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Question of the Day
JERUSALEM — The head of Israel's intelligence agency says that a nuclear-armed Iran does not necessarily pose an existential threat to the Jewish state, according to Israeli ambassadors.
Mossad chief Tamir Pardo addressed a conclave of Israeli ambassadors in Jerusalem on Thursday, saying that Israel's existence is not inevitably endangered by Iran acquiring an atomic weapon, even as Israel has tried to disrupt Iran's nuclear program.
"What is the significance of the term 'existential?'" Mr. Pardo was quoted as saying by several ambassadors. "If you said a nuclear bomb in Iranian hands was an 'existential' threat, that would mean that we would have to close up shop. That's not the situation. The term is used too freely."
The intelligence chief did not comment on an Israeli attack on Iran's nuclear facilities, which the Islamic republic has said is engaged only in peaceful research.
Mr. Pardo's remarks contradict those of Prime Minister Benjamin Netanyahu, who reportedly has sought consensus among Israeli officials to attack Iran's nuclear centers.
However, Mr. Pardo's comments echo those of his predecessor at Mossad, Meir Dagan, and of other former and current Israeli security officials.
Mr. Dagan had vigorously opposed an attack and expressed his position publicly after retiring earlier this year. Gabi Ashkenazi, former armed forces chief of staff, also reportedly opposed an attack.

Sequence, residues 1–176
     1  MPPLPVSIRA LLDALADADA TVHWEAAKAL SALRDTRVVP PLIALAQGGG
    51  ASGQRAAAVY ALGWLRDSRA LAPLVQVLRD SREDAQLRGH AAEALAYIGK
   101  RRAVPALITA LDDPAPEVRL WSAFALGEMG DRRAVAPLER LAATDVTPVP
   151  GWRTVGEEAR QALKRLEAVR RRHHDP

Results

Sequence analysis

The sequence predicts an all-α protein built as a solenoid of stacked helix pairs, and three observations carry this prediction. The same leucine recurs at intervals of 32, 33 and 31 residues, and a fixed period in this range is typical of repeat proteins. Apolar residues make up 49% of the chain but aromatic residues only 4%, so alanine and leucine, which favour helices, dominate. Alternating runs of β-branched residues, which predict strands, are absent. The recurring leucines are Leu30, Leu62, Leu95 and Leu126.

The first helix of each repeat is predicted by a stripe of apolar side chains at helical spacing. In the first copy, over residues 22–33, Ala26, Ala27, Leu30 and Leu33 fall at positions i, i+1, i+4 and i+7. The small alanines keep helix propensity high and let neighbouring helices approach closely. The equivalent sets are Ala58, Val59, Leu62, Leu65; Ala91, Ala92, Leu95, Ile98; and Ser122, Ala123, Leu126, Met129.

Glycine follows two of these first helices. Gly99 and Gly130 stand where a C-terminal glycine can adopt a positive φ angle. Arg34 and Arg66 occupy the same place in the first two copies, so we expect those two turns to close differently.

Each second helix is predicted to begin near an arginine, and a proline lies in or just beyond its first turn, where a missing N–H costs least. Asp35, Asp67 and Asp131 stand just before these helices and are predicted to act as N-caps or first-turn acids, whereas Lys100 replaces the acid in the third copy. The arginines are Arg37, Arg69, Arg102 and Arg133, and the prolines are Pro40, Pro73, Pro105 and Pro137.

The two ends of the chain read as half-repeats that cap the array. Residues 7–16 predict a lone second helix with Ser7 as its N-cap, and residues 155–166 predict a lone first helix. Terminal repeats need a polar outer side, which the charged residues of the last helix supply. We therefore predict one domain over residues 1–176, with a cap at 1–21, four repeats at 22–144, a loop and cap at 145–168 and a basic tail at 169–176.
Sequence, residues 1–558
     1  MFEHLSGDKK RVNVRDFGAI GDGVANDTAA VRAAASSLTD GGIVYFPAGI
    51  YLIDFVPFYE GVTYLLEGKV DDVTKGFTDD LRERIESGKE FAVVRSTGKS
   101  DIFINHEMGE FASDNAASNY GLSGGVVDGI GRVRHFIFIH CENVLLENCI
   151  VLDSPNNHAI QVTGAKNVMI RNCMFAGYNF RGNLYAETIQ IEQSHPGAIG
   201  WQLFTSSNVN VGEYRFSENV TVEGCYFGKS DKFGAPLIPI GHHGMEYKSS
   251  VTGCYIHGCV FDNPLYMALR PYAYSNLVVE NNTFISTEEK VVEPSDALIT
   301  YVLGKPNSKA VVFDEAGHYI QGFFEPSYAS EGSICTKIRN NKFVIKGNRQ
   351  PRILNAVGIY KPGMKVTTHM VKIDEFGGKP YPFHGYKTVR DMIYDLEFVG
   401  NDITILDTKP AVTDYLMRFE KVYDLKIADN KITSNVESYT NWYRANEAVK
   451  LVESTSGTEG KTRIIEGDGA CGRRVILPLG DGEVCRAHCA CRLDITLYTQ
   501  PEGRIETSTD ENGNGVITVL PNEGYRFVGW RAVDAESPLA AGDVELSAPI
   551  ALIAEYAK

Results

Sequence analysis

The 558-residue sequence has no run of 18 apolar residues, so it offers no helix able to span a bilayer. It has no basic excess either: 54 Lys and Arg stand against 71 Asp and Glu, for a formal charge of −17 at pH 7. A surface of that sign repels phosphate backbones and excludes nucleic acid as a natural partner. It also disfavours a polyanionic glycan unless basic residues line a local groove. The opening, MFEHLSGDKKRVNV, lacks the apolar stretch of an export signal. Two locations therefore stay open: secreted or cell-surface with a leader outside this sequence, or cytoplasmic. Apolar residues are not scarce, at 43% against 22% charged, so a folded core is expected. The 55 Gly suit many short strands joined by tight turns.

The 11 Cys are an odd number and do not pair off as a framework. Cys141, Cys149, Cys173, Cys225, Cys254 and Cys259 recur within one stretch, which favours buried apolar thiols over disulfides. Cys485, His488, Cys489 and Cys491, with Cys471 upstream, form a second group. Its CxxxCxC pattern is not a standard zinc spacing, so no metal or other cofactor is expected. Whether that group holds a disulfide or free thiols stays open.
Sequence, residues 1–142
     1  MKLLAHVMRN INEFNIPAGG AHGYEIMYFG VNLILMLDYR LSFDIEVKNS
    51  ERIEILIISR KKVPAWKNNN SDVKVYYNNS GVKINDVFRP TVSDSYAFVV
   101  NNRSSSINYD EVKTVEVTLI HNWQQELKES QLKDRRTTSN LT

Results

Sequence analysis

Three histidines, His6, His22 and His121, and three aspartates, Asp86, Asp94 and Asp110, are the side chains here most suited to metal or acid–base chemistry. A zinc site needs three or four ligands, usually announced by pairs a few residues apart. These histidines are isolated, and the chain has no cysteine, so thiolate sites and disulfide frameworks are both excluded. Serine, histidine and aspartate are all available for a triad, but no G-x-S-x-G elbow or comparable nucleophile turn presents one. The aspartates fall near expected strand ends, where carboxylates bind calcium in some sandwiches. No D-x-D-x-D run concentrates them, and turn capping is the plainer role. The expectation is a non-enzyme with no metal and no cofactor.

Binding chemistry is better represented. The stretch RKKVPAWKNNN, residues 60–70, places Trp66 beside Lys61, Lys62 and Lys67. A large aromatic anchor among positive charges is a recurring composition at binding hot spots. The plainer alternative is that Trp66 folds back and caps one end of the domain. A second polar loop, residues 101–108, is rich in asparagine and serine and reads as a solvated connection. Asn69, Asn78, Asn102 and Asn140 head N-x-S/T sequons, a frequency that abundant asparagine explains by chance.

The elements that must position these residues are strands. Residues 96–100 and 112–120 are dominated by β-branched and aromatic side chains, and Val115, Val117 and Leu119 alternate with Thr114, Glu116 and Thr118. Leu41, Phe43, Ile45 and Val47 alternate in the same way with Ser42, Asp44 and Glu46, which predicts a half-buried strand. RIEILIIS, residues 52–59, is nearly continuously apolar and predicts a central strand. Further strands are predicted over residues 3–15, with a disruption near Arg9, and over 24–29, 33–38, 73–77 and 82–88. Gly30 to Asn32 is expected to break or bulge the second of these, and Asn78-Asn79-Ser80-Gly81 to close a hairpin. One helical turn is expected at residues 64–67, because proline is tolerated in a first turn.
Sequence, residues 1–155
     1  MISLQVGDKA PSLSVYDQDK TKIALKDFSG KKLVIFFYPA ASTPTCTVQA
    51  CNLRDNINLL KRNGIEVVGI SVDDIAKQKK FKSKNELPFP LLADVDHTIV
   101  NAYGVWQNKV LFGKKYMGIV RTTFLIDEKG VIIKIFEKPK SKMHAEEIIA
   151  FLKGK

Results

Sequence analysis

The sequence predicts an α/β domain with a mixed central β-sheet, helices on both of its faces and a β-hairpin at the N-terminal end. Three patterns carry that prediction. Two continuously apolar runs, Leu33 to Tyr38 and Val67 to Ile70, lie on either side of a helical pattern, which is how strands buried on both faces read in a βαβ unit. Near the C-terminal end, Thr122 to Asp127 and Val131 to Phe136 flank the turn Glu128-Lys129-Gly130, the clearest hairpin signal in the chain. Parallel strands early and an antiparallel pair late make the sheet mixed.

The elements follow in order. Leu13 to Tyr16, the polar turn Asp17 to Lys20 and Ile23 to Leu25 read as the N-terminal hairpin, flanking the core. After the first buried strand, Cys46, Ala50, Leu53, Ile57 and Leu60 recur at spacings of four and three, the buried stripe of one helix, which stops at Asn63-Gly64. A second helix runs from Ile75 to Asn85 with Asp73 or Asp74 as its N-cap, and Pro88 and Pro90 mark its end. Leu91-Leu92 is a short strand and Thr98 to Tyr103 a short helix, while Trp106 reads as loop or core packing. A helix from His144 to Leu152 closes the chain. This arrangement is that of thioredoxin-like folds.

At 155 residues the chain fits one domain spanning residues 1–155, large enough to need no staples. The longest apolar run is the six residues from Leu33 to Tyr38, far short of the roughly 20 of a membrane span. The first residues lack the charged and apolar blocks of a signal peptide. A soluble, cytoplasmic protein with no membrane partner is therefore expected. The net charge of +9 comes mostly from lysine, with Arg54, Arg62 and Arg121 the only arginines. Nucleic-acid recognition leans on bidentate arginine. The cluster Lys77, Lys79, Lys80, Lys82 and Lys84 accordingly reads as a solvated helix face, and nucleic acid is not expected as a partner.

Opponents to an attack plan say that Iran, as a rational state, would not launch a nuclear assault that would ensure a retaliatory Israeli strike on its cities, including holy sites.
Zeevi Farkash, Israel's former military intelligence chief, has said that Iran's main drive for acquiring atomic weapons is not for use against Israel but as a deterrent against U.S. intervention, in much the same way that nuclear-armed North Korea feels secure against a U.S. attack.
Other Israeli leaders argue that Iran, ruled by clerics and mystics, cannot be relied upon to make "rational" decisions with regard to Israel. They also warn about the possibility of Iranan nuclear devices falling into the hands of terrorists.
What's more, they argue, a nuclear-armed Iran could adopt aggressive policies that could roil the entire region and leave Israel more exposed to conventional attack.
Mr. Netanyahu's views on attacking Iran reportedly are shared by Defense Minister Ehud Barak, but not the majority of his Cabinet.
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